BL England could shut down in May

Spung-Man

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Jan 5, 2009
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Richland, NJ
loki.stockton.edu
BL England could shut down in May

The power line towers behind my house are nearly one hundred years old. I believe they were erected in 1923, which brought electric to Richland School in 1924 although they couldn't get power to 'Uncle Jenk's' property (now mine) until 1965 because of the railroad tracks. Their steel parts were said to be even older, remaining members from a 1901 project I was told. The old structures are now being replaced.

Supposedly the upgrade reflects the need to restore BL England's service capacity with cleaner electricity from distant power sources.

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Old transmission line crossing the 'Skating Ponds,' South River, Richland.

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A 'Skating Ponds' tower deftly whisked away by a Sikorsky Skycrane, South River, Richland.

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New towers replacing the old towers at the Main Avenue crossing.​

It's amazing how quick and efficient the upgrade process is.

S-M
 

Boyd

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Jul 31, 2004
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Ben's Branch, Stephen Creek
Very interesting, especially the helicopter! They are working all over this area and have a system where they deliver sections of wooden platforms to access points in advance, then assemble them into a temporary road along the powerline for construction vehicles. I guess that's cheaper than improving the real road, which they probably don't want to do because it would encourage vehicle use.
 

popeofthepines

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Mar 8, 2006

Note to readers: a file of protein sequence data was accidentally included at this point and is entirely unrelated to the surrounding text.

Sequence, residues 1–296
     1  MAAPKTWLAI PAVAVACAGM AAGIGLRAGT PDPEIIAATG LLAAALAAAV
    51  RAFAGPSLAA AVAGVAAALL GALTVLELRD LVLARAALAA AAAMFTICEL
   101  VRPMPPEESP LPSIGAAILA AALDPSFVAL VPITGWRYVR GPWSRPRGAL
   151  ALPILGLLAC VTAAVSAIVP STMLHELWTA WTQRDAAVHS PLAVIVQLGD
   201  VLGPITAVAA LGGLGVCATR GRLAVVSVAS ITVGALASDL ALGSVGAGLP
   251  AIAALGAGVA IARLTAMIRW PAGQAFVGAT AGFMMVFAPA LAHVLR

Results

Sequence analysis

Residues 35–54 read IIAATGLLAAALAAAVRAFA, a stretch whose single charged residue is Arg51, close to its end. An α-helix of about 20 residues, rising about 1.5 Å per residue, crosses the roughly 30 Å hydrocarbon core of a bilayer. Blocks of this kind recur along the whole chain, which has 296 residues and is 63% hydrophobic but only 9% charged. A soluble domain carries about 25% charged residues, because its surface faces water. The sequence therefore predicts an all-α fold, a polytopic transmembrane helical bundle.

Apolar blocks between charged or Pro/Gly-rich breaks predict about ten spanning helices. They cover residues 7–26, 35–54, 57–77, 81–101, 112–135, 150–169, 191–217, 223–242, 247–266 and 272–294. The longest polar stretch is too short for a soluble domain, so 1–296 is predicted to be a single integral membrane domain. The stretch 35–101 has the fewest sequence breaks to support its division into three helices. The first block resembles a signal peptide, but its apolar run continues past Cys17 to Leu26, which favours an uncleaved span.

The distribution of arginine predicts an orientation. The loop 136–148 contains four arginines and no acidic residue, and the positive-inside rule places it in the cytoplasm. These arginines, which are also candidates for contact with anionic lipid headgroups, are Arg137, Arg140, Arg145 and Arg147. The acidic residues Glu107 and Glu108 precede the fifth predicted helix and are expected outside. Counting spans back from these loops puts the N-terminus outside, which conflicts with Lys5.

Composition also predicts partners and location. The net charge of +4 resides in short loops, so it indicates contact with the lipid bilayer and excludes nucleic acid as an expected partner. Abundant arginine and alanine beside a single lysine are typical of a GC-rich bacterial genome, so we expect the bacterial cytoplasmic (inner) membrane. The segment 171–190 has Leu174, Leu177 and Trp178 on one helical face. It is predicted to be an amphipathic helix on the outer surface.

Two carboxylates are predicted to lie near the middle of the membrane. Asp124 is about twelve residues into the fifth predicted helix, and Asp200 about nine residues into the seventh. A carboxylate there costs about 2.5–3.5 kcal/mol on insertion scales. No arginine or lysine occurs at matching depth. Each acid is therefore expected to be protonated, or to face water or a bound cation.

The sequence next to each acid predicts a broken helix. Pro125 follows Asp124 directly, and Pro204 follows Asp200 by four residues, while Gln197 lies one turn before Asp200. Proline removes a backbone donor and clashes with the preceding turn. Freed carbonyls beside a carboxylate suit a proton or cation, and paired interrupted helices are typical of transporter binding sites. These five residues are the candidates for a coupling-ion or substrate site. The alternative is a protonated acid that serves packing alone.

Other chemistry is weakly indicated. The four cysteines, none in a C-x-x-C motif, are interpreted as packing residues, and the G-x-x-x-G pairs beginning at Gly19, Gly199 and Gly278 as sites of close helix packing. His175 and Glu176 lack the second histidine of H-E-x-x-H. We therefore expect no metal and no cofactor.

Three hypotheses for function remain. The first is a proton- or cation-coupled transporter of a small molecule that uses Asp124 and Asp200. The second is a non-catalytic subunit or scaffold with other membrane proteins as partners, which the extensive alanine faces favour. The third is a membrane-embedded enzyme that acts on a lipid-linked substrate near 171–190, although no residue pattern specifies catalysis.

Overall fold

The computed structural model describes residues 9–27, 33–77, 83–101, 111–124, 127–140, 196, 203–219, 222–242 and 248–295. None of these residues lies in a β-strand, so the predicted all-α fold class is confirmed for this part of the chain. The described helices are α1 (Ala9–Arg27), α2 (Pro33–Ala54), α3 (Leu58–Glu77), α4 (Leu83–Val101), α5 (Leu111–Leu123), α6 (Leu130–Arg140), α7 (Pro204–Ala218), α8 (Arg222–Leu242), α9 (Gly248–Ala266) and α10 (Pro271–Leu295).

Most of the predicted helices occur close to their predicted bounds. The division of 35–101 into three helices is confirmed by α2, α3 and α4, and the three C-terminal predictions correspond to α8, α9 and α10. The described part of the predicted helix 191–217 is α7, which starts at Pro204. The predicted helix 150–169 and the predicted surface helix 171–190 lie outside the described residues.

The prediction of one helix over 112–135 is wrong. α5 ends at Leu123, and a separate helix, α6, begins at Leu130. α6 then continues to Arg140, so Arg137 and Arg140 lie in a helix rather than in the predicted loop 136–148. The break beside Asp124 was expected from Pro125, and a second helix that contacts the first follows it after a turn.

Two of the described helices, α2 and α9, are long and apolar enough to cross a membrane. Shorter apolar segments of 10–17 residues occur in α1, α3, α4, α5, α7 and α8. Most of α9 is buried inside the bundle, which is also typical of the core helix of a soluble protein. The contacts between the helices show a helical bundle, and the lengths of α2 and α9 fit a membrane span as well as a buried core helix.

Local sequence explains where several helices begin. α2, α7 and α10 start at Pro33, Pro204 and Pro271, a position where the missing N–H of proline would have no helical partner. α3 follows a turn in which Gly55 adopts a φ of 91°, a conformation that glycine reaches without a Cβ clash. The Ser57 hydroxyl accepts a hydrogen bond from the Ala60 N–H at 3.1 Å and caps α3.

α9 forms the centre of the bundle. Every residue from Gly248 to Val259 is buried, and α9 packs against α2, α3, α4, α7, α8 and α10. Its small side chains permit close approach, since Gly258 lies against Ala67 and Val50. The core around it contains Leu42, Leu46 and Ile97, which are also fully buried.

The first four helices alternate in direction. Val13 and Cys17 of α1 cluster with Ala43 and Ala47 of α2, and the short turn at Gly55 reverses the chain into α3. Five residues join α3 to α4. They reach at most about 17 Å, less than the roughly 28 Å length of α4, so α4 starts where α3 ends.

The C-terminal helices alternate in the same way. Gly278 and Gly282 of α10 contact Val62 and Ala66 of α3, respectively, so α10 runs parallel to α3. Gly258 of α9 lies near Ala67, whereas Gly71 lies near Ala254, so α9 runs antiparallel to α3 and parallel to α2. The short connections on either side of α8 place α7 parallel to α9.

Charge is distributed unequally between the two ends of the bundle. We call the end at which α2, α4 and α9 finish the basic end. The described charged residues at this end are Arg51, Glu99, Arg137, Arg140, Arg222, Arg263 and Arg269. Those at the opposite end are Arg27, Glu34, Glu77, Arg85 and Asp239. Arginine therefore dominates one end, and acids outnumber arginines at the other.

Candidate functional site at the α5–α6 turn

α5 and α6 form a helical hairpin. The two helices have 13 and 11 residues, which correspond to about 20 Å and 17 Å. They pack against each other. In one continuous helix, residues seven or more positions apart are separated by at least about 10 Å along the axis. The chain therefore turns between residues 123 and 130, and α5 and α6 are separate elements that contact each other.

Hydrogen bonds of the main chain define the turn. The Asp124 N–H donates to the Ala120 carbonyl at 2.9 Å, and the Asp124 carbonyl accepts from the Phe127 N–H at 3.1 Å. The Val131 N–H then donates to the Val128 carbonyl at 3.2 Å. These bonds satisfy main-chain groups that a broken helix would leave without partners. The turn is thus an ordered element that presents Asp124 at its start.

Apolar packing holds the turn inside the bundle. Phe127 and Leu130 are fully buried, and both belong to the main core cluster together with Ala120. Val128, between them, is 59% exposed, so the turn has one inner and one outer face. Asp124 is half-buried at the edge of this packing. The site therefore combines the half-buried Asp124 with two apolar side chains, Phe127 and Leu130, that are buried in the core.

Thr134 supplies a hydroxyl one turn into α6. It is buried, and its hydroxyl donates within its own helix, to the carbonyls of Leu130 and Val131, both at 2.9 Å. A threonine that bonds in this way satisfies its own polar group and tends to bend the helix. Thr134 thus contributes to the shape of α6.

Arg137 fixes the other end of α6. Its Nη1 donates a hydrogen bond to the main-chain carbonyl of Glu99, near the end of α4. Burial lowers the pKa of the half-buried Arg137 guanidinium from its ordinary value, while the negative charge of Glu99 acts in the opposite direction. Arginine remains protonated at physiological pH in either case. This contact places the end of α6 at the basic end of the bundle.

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Atco
The company my wife works for, Riggs Distller, is doing this project. They are contracted by ACE to do it They call the fake road a matting and it fits the description very well.
 
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Zach McGarvey

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Feb 11, 2018
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Woodbury / Vineland NJ
Pretty amazing to see. They did this near me, albeit without helicopters, and it was cool to watch. In Woodbury the PSEG transmission lines share a right-of-way with the railroad, and it's a busy area where freight trains are passing through every two hours or so, day or night. They handled it efficiently and without tying up the tracks at all. Those guys worked seven days a week, dawn till dusk, until it was done! They replaced the old gantry-style pylons that were at least 100 years old with new tubular ones like those shown above. My guess is those can be erected quicker and no welding is required since everything connects with nuts/bolts. Only, here they used some very shiny galvanized poles, instead of the more subdued weathering steel.